One hour from the first bridge we reach the second one near the village of Hussaini. There are actually two bridges here. One is a foot bridge much the same as the first but the other is or at least was a cattle bridge. The cattle bridge was built to allow the locals access across the river during high water with their flock and had a closely boarded walkway to allow for this. Unfortunately the winter winds rip up the valley and shake and lift the bridge around soo much that it falls to pieces. Now the locals take their cattle across only during low water or on snow bridges in the early season.

The impressive Passu glacier.

After crossing the second bridge we make our way through the one-pen-one -sweet-one-rupee begging chilren of Hussaini village after which we walk the 2km up a steep jeep track to Borit Lake where we tuck into good old chips and egg:) and of course admire the mountain views.

Today we set off the second must do day trip while in Passu, the Yunz valley/two glacier trek. This one can be a toughie especially since it's easy to get lost (and one tourist got lost spent the night on the glacier two days after I was there).
First it's a walk to the Passu glacier which takes only around half an hour before more clamboring over rocks to the splending viewpoint on it's lateral morrain (above).
However from here things get difficult and it's a strenous haul upto the Yunz Valley.
The Yunz Valley is a perfect smooth u-shaped valley that stretches out for around 3km and leads upto the Batura glacier. It looks quite easy but turns out to be quite a slog in the suntrap of the valley.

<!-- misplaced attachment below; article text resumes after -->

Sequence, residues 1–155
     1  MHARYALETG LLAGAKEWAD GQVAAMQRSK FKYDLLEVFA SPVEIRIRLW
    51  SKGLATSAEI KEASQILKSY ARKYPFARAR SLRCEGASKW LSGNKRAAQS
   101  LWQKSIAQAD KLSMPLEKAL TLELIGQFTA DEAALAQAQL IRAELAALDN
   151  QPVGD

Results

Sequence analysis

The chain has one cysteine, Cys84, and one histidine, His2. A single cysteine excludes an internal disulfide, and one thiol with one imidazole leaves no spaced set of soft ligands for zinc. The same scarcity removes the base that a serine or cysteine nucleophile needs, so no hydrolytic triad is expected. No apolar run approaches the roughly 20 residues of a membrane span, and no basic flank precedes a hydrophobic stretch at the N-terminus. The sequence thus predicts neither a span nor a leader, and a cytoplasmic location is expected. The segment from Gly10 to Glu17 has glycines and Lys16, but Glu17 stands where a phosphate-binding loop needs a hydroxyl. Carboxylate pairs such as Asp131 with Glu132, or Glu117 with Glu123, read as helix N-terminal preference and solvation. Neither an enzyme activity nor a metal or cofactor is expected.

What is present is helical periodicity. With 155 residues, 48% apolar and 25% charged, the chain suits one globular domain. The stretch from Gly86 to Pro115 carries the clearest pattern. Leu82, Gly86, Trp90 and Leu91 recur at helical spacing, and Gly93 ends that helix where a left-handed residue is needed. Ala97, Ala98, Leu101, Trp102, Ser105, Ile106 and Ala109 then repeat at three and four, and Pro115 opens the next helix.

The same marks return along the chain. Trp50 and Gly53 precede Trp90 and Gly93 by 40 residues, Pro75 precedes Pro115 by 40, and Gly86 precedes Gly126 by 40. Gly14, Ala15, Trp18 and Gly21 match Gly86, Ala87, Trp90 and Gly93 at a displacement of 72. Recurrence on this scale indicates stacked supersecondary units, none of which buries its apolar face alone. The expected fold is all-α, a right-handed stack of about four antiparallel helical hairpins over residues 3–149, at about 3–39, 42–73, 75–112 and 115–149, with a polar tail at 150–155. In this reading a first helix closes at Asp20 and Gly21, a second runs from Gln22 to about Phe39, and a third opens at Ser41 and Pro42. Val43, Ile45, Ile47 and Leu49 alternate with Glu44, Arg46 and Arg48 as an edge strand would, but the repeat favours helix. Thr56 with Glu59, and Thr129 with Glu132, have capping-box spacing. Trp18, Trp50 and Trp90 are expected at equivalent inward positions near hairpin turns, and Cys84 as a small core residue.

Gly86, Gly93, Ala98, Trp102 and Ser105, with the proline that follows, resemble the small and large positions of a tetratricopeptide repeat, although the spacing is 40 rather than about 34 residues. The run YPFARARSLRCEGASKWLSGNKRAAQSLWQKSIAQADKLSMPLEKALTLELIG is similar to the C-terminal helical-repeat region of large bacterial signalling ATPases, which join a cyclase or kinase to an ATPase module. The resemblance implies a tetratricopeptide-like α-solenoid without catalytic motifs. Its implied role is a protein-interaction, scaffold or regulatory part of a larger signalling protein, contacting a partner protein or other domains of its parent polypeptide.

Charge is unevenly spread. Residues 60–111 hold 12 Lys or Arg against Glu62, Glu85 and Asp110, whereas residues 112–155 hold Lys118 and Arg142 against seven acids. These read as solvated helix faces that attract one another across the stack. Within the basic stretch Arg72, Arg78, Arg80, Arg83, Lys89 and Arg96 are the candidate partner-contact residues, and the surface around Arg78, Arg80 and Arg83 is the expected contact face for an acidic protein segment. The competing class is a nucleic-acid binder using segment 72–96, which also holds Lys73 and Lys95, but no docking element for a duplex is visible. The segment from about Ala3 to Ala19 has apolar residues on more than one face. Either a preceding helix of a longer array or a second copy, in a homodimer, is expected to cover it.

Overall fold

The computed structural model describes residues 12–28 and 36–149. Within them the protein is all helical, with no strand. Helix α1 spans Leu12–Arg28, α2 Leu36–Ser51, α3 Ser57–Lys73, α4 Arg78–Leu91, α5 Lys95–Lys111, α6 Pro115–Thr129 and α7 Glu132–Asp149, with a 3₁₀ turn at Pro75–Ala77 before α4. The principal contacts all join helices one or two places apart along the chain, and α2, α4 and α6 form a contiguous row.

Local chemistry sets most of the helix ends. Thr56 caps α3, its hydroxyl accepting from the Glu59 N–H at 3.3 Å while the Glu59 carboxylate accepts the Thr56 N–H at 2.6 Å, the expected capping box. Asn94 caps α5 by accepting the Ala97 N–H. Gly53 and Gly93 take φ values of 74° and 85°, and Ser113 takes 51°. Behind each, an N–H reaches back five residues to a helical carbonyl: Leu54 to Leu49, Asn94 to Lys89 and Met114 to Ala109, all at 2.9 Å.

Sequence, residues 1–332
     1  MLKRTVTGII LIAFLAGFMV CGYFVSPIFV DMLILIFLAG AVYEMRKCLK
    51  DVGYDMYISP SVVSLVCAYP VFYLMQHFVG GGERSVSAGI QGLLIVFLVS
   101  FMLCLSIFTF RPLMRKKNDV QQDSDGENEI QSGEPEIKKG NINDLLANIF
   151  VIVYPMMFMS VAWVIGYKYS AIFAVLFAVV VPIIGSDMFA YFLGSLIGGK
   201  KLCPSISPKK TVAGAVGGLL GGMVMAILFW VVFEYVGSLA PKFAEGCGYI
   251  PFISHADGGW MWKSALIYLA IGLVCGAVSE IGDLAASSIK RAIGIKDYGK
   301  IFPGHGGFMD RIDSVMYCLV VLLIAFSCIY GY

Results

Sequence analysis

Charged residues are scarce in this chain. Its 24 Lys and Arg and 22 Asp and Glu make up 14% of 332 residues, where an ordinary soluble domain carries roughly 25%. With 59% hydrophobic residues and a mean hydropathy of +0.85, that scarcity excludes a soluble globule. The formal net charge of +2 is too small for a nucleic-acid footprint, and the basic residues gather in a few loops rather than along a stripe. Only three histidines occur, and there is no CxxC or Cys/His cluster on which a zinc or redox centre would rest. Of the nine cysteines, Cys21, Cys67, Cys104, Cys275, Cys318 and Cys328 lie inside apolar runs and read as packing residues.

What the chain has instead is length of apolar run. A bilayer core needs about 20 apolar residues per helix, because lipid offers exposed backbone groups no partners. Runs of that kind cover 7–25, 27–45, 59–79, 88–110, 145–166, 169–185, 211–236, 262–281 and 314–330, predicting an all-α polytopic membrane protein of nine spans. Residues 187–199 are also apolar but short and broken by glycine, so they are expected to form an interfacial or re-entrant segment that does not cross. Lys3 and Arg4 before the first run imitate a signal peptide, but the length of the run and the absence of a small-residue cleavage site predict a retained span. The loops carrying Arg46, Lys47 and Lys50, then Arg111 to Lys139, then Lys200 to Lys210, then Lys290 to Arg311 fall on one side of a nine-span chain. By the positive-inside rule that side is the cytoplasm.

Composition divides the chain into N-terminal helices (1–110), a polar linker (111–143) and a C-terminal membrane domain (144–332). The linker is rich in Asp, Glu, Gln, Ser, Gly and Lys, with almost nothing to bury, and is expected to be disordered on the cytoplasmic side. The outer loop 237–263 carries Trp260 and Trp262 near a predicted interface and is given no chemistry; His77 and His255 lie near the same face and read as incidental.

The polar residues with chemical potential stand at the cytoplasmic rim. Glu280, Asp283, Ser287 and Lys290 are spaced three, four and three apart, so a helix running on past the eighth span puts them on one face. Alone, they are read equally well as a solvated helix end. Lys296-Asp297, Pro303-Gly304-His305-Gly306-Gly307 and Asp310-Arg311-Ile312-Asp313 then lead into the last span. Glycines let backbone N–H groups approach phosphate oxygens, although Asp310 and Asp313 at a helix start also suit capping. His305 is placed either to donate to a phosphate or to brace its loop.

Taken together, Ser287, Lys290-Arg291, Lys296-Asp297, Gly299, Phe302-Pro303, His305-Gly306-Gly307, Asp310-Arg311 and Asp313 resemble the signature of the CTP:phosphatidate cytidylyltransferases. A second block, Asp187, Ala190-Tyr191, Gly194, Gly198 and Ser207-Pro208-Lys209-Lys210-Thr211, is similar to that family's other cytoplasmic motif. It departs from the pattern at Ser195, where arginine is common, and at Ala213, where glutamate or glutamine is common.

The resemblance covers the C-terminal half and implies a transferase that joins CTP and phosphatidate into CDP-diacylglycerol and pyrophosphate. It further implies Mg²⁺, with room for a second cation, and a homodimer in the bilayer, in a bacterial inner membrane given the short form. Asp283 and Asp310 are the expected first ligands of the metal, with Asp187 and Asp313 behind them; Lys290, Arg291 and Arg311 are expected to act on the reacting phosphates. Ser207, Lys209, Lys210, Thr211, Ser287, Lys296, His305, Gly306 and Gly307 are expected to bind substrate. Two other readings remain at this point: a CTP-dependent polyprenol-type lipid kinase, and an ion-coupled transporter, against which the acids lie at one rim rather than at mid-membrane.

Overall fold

The KKH near Passu.

We take a right and climb for 1hr and head upto a viewpoint overlooking Passu. The views are good but are nothing compared to the views of the Batura glacier and the lump of 7000m mountains nearby.
The Batura glacier is around 56km long and is one of five glaciers in Pakistan over 50km. The longest is the Saichen glacier and is around 75km in length but is unfortunately situated right on the line of control with India. Pakistan in fact has the longest glaciers outside the Polar region.
Unfortunately by the time Batura glacier reaches Passu it's a tad dirty from all the glacial rubble it's picked up on it's 53km travel to reach this point. The rubble though is impressive in itself with massive rocks lifted and moved around as though they were marbles.
We head down from the valley and climb the steep lateral morrain. Here we push 50kg rocks down the morrain and onto the glacier causing huuge rockfalls as they plummet downwards sending plumes of dust into the air....boys will be boys!

Batura Glacier viewed from the Yunz Valley, a popular day hike from Passu.
Batura Glacier is 56km long and is one of four glaciers in Pakistan over 50km long.

Trekked to Borit Sar located 2hrs above Borit Lake. Me and Fabrice spotted it when we were visiting Borit Lake a few days earlier and it looked awesome from the distance so we decided to come back.
Under normal circumstances once at Borit Sar one would be graced with near 360 degree shear mountain views and yet another powerful glacier wallowing it's way down the mountain, throwing aside huge amounts of debri on its way. But today is cloudy and the trip has hardly been worthwhile and I don't even bother snapping any photos!

The suspension bridges at Hussaini